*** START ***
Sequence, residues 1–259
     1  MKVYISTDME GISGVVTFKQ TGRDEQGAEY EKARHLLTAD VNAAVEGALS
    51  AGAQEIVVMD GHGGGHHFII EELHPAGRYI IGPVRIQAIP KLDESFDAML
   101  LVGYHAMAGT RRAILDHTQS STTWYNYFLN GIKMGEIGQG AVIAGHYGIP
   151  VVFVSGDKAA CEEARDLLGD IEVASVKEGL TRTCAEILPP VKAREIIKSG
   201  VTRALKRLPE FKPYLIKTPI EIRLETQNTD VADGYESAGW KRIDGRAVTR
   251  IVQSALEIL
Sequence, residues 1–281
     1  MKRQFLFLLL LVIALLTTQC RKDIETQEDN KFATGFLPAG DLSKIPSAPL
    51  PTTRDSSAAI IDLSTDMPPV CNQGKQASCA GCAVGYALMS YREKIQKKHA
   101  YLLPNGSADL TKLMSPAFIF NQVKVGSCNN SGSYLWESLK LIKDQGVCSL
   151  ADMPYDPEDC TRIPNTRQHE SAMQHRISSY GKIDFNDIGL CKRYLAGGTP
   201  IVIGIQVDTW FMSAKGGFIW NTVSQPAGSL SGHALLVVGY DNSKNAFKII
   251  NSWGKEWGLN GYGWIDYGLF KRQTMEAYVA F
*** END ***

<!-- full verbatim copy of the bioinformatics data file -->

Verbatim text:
Sequence, residues 1–259
     1  MKVYISTDME GISGVVTFKQ TGRDEQGAEY EKARHLLTAD VNAAVEGALS
    51  AGAQEIVVMD GHGGGHHFII EELHPAGRYI IGPVRIQAIP KLDESFDAML
   101  LVGYHAMAGT RRAILDHTQS STTWYNYFLN GIKMGEIGQG AVIAGHYGIP
   151  VVFVSGDKAA CEEARDLLGD IEVASVKEGL TRTCAEILPP VKAREIIKSG
   201  VTRALKRLPE FKPYLIKTPI EIRLETQNTD VADGYESAGW KRIDGRAVTR
   251  IVQSALEIL
Sequence, residues 1–281
     1  MKRQFLFLLL LVIALLTTQC RKDIETQEDN KFATGFLPAG DLSKIPSAPL
    51  PTTRDSSAAI IDLSTDMPPV CNQGKQASCA GCAVGYALMS YREKIQKKHA
   101  YLLPNGSADL TKLMSPAFIF NQVKVGSCNN SGSYLWESLK LIKDQGVCSL
   151  ADMPYDPEDC TRIPNTRQHE SAMQHRISSY GKIDFNDIGL CKRYLAGGTP
   201  IVIGIQVDTW FMSAKGGFIW NTVSQPAGSL SGHALLVVGY DNSKNAFKII
   251  NSWGKEWGLN GYGWIDYGLF KRQTMEAYVA F